Most awarded songs #14

Summer’s here

The countdown continues. Some of the most awarded songs #14. Grammy and/or Oscar love. Citations in Rolling Stone magazine, RIAA, ASCAP, CMA, NPR, and more.

20. The Tracks Of My Tears – The Miracles. Classic Smokey Robinson poetry. “Since you put me down My smile is my make up I wear since my break up with you” It uses the clown motif, as did the Miracles’ Tears of A Clown.

19. Always On My Mind – Willie Nelson. Interestingly, this is a song that was NOT written by Willie. The 1972 song was also successfully recorded by artists, including Elvis, before Willie’s Grammy Award-winning version in 1982.

18. Be My Baby – The Ronettes. Written by Jeff Barry, Ellie Greenwich, and Phil Spector, the only Ronette on the track was Veronica Bennett, later Ronnie Spector. Sonny and Cher sang backup vocals. The Wrecking Crew played the instruments, with Hal Blaine making an error in the drumming that stayed on the recording.

17. Great Balls Of Fire – Jerry Lee Lewis. The song I most associate with Lewis was used in the 1957 movie Jamboree.


16. Light My Fire – The Doors. I’ll admit it. The album version of this song, which was often played on the radio despite its 7-minute length I grew to find tedious.

15. What’d I Say – Ray Charles. His first big crossover to pop hit is a great call-and-response. And also very suggestive, especially in part 2. Ray closed every live show with the song. The unedited version.

14.  Stand By Me– Ben E. King. This was a rewrite of an old gospel song by King, Leiber, and Stoller, released in 1961. It was featured on the soundtrack of the film of the same name a quarter of a century later. It was covered over 400 times, by Otis Redding, John Lennon, and many more.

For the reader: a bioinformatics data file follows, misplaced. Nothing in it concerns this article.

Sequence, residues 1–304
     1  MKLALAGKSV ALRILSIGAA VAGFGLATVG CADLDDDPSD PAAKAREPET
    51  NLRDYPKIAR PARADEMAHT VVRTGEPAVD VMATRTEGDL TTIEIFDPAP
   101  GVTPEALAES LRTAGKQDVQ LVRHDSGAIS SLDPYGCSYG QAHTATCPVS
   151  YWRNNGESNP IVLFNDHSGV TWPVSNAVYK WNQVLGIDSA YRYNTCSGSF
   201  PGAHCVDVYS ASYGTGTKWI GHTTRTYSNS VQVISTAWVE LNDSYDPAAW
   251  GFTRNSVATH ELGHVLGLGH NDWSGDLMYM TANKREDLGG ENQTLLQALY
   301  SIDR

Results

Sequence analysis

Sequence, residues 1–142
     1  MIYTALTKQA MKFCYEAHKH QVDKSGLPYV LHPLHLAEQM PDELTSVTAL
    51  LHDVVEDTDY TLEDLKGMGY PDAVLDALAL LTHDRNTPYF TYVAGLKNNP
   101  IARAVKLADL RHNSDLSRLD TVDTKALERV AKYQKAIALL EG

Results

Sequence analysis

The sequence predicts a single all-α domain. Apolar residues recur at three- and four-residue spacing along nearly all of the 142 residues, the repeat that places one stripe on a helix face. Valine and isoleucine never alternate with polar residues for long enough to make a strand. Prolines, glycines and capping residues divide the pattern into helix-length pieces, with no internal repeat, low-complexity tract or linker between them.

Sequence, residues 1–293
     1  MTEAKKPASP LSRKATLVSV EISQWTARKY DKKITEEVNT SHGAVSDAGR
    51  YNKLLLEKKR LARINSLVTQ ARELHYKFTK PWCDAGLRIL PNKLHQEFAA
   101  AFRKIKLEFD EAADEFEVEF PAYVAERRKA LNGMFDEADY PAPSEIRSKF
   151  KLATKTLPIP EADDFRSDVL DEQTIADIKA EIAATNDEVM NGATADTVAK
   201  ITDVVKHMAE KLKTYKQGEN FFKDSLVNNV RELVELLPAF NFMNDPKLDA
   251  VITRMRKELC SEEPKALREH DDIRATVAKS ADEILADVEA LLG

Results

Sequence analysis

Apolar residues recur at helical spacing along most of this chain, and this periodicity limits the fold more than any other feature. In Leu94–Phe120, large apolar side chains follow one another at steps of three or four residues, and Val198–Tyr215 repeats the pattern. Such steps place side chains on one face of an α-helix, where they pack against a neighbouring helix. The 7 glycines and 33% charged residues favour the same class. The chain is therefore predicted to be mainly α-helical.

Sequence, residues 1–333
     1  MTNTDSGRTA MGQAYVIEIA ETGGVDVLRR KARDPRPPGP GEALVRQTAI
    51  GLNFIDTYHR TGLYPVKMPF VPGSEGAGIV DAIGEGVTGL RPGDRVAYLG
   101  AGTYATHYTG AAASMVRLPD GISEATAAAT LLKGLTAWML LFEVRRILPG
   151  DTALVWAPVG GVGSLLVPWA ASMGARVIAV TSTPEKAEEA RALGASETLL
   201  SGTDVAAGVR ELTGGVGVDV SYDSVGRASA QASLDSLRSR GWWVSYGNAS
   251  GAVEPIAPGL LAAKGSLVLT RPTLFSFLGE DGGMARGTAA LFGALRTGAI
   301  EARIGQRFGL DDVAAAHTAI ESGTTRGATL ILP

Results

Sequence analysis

13. Dancing In The Streets – Martha and the Vandellas. The song was written by Marvin Gaye, Mickey Stevenson, and Ivy Jo Hunter. The Vandellas had the hit in 1964 after Kim Weston passed on the piece. It was a party song, enjoying splashing through the open fire hydrants in the summer. But it was adopted as a civil rights anthem as well.

Hello, Darkness

12. The Sound Of Silence – Simon And Garfunkel. From Hello Darkness, My Old Friend: How Daring Dreams and Unyielding Friendship Turned One Man’s Blindness into an Extraordinary Vision for Life by Sanford D. Greenberg.  Much of this is accurate, but the part about the song, written by Paul Simon, of course,  is not.

Sandy was roommates with Art Garfunkel at Columbia University. [Sandy went blind from severe glaucoma and went back home, defeated, to Buffalo. But his buddy Art showed up at the front door.] Art escorted Sandy around campus and even referred to himself as “Darkness” to demonstrate his empathy with his friend. “Darkness is going to read to you now.”

While at Oxford, Sandy got a call from Art. Art had formed a folk-rock duo with his high school pal Paul Simon, and they desperately needed $400 to record their first album. Sandy and his wife Sue had literally $404 in their bank account, but without hesitation, Sandy gave his old friend what he needed. Art and Paul’s first album was not a success, but one of the songs, The Sounds Of Silence [later changed], became a #1 hit a year later. The opening line echoed the way Sandy always greeted Art.

11. You’ve Lost That Lovin’ Feelin’ – The Righteous Brothers. Written by Phil Spector, Barry Mann, and Cynthia Weil in 1964, it was the epitome of the Wall Of Sound.

Author: Roger

I'm a librarian. I hear music, even when it's not being played. I used to work at a comic book store, and it still informs my life. I won once on JEOPARDY! - ditto.

One thought on “Most awarded songs #14”

  1. “Always on my Mind” is such a beautiful song. As much as I love Willie Nelson, for me Elvis Presley’s is the canonical version–not sure why, could just be that I’ve heard it more–and I’m glad he recorded it later in his life, when his voice had enough miles on it to sell the song’s emotions.

    I also love “Dancing in the Street”, though my entry point to that song wasn’t the original but rather the cover done by David Bowie and Mick Jagger in 1985, which I love to this day, and soon after that, I found the Van Halen cover from the DIVER DOWN album. I only later heard the original (and others). It’s quite a versatile song!

    “Stand By Me” is probably obvious…most of my generation came to that one via the movie by the same name, I suspect.

Leave a Reply

Your email address will not be published. Required fields are marked *

Social media & sharing icons powered by UltimatelySocial